Yeah, yeah, yeah...we get it. Mondays suck (we've read Garfield). But it means the start of a new week, which means a bunch of killer shows in and around Phoenix.
And here are a few of the coolest -- our top five must-see shows this week.
Monday, December 10: Turbo Fruits @ Crescent Ballroom Nashville's Turbo Fruits are a quartet led by former Be Your Own Pet guitarist Jonas Stein, whose garage aspirations now seem to share space with a '71 Buick. BYOP was a frenzied, pop-punk blast of raging attitude, which Stein in large part carried over when he formed the Fruits.
With their third album, Butter (produced by Spoon's Jim Eno), and third lineup under Stein, TF now seem to have settled into a more comfortable sound driven by jangly blues-rock riffs, a touch of Mersey Beat, a sizable dose of '70s hard rock, and a kind of hapless, too-ripped-to-care angst that's more slacker than attacker.Tuesday, December 11: Bob Weir @ Celebrity Theatre
Bob Weir is a restless soul.
Already fully engaged with Furthur -- his latest and perhaps most true-to-form post-Grateful Dead venture -- his solo band Ratdog, assorted musical projects at his TRI Studios, activity in various political and environmental organizations, plus the occasional mountain bike foray, Weir now prepares to head out on a short solo tour.
If there were ever a musician who deserved a little rest and relaxation, it might be the tireless Weir. Instead, the songwriter is really only at rest when he's busy playing his guitar, which, in the solo acoustic context, offers yet another level of musical fulfillment.
"I get to hear the song all by itself, just me and the guitar," he explains by phone from his Marin County, California, home. "Basically, in most cases, it's the way I wrote it. Oftentimes that gives me insight to the song, places to take it -- that kind of thing."
Playing songs stripped down and naked also offers Weir a chance to really hear his own voice.
"Singing is a big thing. In the bands I play with, particularly Furthur, my dynamic range is kind of limited because that band is real loud. So there are a lot of things you can't do with your voice and a microphone in that situation," he says. "This gives me a lot more room to try things when I'm playing solo. I have little discoveries and whatnot that I can bring back to my other endeavors."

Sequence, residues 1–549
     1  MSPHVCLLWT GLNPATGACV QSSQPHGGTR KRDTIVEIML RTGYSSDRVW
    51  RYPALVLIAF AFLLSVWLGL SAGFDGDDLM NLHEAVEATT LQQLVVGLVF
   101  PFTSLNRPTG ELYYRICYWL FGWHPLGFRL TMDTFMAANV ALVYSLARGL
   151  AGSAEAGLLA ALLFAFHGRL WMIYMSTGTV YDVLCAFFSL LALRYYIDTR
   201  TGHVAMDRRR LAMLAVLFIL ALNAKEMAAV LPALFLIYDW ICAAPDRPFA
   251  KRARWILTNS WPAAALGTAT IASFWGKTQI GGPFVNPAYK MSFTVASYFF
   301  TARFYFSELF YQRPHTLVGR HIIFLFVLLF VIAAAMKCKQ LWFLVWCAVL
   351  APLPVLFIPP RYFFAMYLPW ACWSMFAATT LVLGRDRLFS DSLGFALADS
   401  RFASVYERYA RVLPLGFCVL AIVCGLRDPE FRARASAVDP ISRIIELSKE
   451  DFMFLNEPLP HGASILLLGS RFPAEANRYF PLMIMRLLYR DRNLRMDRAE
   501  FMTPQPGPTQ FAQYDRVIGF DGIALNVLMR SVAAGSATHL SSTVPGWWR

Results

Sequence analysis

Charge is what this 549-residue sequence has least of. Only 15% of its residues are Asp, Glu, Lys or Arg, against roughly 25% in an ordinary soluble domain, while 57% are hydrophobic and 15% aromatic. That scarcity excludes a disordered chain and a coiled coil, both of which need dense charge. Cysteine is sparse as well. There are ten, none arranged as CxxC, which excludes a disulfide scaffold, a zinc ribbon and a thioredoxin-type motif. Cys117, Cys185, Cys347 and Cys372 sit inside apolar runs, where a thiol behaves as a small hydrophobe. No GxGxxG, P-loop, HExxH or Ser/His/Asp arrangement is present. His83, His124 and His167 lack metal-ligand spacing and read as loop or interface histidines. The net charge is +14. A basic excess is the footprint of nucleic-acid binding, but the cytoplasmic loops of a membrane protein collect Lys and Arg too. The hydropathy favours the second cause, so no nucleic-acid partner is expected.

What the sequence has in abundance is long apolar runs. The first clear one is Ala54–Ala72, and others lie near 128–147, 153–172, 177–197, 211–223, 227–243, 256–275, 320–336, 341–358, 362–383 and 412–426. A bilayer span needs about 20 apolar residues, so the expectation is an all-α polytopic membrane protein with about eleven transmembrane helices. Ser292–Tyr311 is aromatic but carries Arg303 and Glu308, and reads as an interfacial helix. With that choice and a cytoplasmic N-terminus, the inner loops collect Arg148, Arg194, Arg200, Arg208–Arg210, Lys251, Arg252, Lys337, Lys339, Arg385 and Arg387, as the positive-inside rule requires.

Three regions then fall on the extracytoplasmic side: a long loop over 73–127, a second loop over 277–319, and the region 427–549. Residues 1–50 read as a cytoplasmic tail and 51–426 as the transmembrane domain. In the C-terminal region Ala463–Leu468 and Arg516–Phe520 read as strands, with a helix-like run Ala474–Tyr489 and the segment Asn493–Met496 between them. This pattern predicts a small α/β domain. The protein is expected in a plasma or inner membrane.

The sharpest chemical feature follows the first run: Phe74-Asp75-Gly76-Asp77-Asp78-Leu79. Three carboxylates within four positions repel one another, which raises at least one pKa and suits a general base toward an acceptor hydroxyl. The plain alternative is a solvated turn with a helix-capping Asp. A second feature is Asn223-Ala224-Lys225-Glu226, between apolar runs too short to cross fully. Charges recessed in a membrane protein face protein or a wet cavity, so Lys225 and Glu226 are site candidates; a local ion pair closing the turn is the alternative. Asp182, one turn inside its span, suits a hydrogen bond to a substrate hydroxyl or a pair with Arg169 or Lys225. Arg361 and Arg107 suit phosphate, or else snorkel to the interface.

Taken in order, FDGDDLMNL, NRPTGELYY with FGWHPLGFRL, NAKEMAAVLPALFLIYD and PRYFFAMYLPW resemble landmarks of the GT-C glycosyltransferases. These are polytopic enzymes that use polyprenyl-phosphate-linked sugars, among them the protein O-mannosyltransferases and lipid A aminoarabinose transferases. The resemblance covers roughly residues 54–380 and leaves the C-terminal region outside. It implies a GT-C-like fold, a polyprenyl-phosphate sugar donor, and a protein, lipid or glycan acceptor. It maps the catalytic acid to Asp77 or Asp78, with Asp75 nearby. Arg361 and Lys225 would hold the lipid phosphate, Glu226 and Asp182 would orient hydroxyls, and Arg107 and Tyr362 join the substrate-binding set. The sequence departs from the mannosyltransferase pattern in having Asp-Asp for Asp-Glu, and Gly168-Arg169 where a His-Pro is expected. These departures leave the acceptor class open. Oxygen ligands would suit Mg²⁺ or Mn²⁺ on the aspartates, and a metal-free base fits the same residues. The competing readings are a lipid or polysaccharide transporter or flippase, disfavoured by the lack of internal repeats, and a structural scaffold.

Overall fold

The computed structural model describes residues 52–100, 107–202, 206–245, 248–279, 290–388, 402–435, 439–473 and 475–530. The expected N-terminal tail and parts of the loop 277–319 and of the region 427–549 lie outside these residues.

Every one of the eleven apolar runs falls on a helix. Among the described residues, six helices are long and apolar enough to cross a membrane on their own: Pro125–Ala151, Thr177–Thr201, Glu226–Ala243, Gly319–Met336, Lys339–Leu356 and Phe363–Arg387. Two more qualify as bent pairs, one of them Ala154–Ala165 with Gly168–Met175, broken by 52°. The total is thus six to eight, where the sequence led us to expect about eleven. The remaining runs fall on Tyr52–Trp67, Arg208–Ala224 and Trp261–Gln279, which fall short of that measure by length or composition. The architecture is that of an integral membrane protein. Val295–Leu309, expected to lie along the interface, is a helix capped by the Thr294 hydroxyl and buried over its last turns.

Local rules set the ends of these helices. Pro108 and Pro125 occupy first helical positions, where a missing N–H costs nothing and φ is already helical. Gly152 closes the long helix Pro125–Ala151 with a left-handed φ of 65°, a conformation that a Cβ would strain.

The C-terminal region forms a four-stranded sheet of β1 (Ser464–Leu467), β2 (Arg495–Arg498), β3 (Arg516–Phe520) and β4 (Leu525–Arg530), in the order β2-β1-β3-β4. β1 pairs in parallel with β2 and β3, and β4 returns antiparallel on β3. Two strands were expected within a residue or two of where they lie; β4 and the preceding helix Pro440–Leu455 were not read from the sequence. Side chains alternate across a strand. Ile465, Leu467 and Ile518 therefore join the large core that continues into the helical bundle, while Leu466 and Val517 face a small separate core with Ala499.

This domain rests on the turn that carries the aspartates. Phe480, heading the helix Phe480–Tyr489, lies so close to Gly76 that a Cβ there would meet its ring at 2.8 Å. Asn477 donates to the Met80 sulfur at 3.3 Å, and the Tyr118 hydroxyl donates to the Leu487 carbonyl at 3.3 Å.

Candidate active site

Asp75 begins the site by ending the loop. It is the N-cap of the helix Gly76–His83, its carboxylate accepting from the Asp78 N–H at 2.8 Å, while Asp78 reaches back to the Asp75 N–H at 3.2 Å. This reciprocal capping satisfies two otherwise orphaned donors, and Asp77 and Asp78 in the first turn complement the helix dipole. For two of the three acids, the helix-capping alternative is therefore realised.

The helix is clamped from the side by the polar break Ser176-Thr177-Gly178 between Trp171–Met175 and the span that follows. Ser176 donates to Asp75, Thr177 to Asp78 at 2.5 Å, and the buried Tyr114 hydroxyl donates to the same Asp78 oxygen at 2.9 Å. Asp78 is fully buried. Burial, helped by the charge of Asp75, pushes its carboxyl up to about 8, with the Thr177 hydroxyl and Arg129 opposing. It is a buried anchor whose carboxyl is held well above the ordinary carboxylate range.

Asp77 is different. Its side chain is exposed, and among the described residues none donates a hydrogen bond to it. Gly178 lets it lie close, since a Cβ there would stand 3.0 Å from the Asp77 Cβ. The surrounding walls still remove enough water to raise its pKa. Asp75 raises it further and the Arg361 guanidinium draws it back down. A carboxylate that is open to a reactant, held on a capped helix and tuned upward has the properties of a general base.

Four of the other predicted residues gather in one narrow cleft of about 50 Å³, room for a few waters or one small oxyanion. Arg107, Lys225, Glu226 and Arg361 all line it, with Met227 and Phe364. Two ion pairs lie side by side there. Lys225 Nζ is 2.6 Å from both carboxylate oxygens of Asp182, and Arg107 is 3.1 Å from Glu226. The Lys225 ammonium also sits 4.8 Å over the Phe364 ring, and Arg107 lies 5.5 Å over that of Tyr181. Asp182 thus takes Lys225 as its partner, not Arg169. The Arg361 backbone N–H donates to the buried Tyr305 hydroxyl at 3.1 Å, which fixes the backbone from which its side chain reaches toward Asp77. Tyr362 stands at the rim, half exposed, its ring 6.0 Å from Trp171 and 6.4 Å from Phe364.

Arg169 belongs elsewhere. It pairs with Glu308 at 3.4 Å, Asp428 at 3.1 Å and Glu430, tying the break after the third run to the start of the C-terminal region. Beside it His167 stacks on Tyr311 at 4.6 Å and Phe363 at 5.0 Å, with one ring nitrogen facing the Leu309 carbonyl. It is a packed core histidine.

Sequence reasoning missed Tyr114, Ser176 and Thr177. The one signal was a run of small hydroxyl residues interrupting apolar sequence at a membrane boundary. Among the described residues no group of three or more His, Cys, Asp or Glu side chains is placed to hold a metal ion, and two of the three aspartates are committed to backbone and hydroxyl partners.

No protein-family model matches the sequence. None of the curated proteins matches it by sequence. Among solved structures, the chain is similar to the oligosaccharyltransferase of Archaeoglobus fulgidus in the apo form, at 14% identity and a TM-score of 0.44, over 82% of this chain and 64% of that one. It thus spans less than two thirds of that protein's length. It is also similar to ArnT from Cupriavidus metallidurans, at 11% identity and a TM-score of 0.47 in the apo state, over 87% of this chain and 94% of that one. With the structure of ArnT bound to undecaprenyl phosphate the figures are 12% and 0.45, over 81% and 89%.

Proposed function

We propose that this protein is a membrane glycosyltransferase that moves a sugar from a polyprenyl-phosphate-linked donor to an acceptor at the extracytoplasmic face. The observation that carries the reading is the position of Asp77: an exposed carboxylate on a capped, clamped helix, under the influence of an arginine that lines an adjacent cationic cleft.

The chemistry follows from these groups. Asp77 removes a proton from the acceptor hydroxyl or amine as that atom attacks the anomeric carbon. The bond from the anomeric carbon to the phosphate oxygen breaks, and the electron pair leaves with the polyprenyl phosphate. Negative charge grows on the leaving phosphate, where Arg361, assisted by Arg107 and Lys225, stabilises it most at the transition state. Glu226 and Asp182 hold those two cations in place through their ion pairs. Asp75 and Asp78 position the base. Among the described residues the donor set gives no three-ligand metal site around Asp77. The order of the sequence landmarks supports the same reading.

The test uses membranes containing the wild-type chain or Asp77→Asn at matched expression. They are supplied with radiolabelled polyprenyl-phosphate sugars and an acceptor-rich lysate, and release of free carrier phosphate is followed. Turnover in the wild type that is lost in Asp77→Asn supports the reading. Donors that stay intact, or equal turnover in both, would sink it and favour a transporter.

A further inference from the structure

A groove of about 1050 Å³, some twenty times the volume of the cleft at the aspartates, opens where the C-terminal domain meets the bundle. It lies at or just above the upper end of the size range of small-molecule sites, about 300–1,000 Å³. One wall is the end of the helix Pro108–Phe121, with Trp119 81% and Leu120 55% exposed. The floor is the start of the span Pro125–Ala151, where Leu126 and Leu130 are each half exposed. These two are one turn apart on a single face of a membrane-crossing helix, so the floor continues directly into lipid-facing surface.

Weir knows a thing about "little discoveries." He was a founding member of the Grateful Dead, and such exploration and willingness to push musical boundaries through improvisation set the band apart. Weir took some of his musical cues from such cutting-edge jazz artists of the time as saxophonist John Coltrane and pianists McCoy Tyner and Bill Evans.-- Glenn BurnSilver
If you're the sort who tracks hot EDM blogs and remixes, you might surmise that the popularity of moombahton, the genre DJ Dave Nada invented three years ago by slowing Dutch house records to reggaeton speed, is waning. The style is losing ground to "trap music," a subterranean take on Southern hip-hop.
But blog attention and the number of new tracks don't necessarily reflect healthy growth. This week, Phoenix partygoers will experience its first Moombahton Massive party. The concert series, which started in the moombahton mecca -- Washington, D.C.'s U Street Music Hall -- has since gone global, gathering the genre's top DJs in cities all across the world. Founding fathers Nadastrom (Nada and Matt Nordstrom) and DJ Sabo will top the bill, supported by Phoenix's own AZ Gunslingaz, DJ Melo, Pickster One, Mendez, and Riot Earp, all early adopters of the style. The party falls on Pickster's birthday, and just a few weeks ago, moombahton's third birthday passed with little fanfare.
But the genre -- despite its youth or, rather, by virtue of it -- can teach us a thing or two. In many ways, it could be the blueprint for the development of future scenes.